Op-Ed: Why The Archaia/Boom Merger Might Work Out Well For Everyone


The world of comics publishing was shaken at the end of June when it was announced that Boom! Studios had acquired Archaia Entertainment, merging two of the most respected indie companies into a single entity.  And while from a certain perspective, this seemed like a natural pairing – two titans of the small press teaming up to take on the world – it also raised some concerns among readers, creators, and press.


Because rightly or wrongly, the two companies' public profiles couldn't be more different.  The general perception breaks down more or less like this: Boom! is a company that produces a large library of licensed titles, and Archaia is primarily creator-driven.  Boom! focuses on serial comics, whereas Archaia has built their reputation on releasing high-quality hardcover graphic novels.  Boom! cranks out a ridiculous array of variant covers and exclusive limited-edition printings for their successful titles, while Archaia takes a more artisan approach, producing deluxe presentations complete with bound-in bookmarks, embossed gold leaf lettering on the spines, and high-quality matte paper stock.

But so far as I can tell, the two companies are far more similar than they may seem to the casual observer – both in terms of their publishing slate, and their deals with creators.


Boom! may be best known as the publisher of titles such as "Peanuts," "Adventure Time," "Planet Of The Apes," "Regular Show," and the upcoming "Sons Of Anarchy" series, but they also have a history of releasing original properties (including Roger Langridge's "Snarked!," Si Spurrier's "Six-Gun Gorilla", and Sam Humphries' "Zombies Vs. Fanboys").  And while the immediate association most people have with Archaia are the titles like David Peterson's "Mouse Guard," Charles Soule's "Strange Attractors," Jim McCann and Janet Lee's "Return Of The Dapper Men," and Nate Cosby and Chris Eliopoulos' "Cow Boy," they've also had great success with licensed titles (such as their acclaimed adaptations of the Jim Henson Company properties "Labyrinth," "The Dark Crystal," "A Tale Of Sand," and "Fraggle Rock").

And contrary to popular belief, Archaia was not set up like Image, to be primarily a publisher for creator-owned comics: most of their contracts for original work make Archaia the exclusive licensor of the intellectual property, give them power of producer for any ancillary projects, and give the company and the creators a 50/50 split of the returns from said projects.  Boom! operates in a similar fashion, splitting all intellectual property ownership between the creators and the publisher.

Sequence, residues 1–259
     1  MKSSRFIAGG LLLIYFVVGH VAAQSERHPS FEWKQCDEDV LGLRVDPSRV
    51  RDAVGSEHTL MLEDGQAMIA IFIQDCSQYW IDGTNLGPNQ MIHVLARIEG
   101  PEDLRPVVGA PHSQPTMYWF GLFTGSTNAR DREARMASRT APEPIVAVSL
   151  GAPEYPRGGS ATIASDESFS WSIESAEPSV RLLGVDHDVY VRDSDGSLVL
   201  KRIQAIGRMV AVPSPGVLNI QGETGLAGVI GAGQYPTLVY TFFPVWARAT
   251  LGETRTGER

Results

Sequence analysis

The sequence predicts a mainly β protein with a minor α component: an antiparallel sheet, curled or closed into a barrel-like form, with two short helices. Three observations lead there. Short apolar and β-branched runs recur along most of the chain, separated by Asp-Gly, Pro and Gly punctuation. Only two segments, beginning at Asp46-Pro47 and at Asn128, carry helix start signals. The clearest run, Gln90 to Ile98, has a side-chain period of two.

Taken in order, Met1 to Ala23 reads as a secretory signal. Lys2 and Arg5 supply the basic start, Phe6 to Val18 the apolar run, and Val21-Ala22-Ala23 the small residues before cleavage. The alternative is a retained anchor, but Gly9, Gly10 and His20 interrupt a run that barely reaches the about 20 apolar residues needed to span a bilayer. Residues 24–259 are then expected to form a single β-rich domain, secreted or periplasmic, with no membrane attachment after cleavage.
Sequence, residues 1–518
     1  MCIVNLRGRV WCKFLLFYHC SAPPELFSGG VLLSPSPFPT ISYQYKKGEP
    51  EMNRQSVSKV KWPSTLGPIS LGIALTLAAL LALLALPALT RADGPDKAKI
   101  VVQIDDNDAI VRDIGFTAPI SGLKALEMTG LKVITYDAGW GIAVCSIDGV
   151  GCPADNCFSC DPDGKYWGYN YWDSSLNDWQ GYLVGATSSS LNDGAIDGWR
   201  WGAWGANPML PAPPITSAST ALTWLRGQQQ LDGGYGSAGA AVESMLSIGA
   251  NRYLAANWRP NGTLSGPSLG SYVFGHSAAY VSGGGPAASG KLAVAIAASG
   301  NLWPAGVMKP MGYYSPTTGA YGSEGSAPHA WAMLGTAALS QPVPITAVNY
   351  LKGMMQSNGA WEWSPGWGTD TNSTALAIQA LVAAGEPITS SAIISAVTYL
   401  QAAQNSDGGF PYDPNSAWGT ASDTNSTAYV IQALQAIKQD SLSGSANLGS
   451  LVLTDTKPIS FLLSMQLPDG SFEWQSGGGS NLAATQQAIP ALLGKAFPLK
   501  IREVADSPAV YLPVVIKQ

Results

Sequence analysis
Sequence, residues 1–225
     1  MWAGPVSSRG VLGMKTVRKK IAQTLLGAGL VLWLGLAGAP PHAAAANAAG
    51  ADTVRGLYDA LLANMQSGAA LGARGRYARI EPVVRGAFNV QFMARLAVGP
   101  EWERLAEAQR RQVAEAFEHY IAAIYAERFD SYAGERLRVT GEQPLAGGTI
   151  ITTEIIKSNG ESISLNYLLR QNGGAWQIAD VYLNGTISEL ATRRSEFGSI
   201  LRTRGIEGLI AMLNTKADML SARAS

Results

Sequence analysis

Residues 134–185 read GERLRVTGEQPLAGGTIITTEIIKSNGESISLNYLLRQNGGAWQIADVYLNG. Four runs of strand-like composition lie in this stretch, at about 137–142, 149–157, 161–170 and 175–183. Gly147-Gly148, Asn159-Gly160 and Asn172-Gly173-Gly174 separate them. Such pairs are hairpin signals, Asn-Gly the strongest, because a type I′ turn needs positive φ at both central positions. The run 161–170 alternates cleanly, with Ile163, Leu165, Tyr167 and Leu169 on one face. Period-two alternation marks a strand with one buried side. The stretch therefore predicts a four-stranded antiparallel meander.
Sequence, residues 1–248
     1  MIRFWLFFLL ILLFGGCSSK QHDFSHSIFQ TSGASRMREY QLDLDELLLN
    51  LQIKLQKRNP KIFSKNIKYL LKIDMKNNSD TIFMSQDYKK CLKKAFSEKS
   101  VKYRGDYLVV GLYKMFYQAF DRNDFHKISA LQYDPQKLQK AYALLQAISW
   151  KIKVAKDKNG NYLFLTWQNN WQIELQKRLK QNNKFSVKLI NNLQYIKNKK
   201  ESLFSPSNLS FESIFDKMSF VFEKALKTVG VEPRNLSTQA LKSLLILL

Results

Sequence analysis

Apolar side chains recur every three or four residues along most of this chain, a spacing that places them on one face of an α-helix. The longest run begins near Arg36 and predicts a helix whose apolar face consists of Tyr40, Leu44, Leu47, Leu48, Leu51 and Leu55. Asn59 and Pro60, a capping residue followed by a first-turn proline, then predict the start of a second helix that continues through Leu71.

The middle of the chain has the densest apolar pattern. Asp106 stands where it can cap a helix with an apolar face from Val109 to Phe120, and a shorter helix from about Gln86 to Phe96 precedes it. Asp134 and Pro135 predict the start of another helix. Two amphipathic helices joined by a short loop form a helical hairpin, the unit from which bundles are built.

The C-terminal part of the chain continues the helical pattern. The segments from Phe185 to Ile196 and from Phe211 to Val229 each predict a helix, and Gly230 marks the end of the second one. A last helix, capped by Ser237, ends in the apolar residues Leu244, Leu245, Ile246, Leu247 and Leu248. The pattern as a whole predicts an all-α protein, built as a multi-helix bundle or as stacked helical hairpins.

That is not to say that these are better or worse deals than a full creator-owned arrangement – it's an entirely different set-up, with different advantages and drawbacks.  In addition to publishing, Archaia puts a lot of time and effort into getting their titles developed for film and TV (which can potentially pay creators far more than a simple comic deal).  Boom! is similarly reliable at getting their original properties in front of Hollywood movers and shakers, and they have secured development deals for a number of their titles (the first Boom! feature film, "2 Guns" starring Mark Wahlberg and Denxel Washington, hits theaters on August 2nd).  Both companies have also built a reputation for conducting extensive PR, advertising, and outreach campaigns for their publications (whereas traditionally, with Image and other publishers, it falls to the creator to handle publicity for creator-owned books).

Ultimately, both these companies have produced lots of high-quality work, been up-front and honest about the deals they offer, and despite some differences in strategy, both have a reputation for treating artists and writers with respect.  So when I heard about this merger, I reached out to creators who have relationships with Boom! and Archaia to gauge their reactions.


Jerry Gaylord, artist of Boom's "Fanboys Vs. Zombies" commented that "…Boom! Studios is a great place to work. I have had nothing but great experiences with the editors and other creators.  Boom! and Archaia teaming up can only mean good things for comics creators and fans."

And when I spoke to Charles Soule, author of Archaia's recently released "Strange Attractors" graphic novel, he offered this: "From what I know about the merger, the intention is to bolster the ability of both companies to continue to put out great stories in their own unique style.  Archaia isn't going away (which is great, because they've put out some of the coolest books I've seen in years - not to mention my own 'Strange Attractors')…  I think they're a great fit for each other, and I look forward to working with both Archaia and Boom! in years to come."


So while I understand the initial alarm that ensued when this deal was announced, I'm fairly encouraged by what it means for both companies.  I read and enjoy all styles of comics: superheroes, fantasy, biographies, original work, licensed titles – I read "Adventure Time" (and its spin-off series) every month, "Tale of Sand" occupies a place of honor on my bookshelf, and I'm eagerly awaiting the new "Cow Boy" volume.  I like both Boom! and Archaia, I appreciate their different approaches to publishing, and I'm hopeful that this alliance will allow them even more room to expand, innovate, and bring us wonderful work.

The opinions expressed in this article are those of the author, and do not necessarily reflect the official policy or position of MTV Geek.

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